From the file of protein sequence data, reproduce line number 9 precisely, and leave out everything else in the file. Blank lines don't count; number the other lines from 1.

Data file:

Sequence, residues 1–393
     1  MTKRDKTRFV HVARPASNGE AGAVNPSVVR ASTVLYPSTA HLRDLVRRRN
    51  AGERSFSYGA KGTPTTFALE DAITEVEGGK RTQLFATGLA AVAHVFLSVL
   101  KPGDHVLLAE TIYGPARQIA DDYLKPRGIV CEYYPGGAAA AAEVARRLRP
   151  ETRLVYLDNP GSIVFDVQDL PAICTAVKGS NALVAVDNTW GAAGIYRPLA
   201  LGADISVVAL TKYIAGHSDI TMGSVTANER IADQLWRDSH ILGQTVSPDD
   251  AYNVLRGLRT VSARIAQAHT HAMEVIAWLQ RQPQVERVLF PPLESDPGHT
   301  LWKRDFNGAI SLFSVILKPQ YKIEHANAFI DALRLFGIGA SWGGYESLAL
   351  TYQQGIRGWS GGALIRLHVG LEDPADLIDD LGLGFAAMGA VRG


   351  TYQQGIRGWS GGALIRLHVG LEDPADLIDD LGLGFAAMGA VRG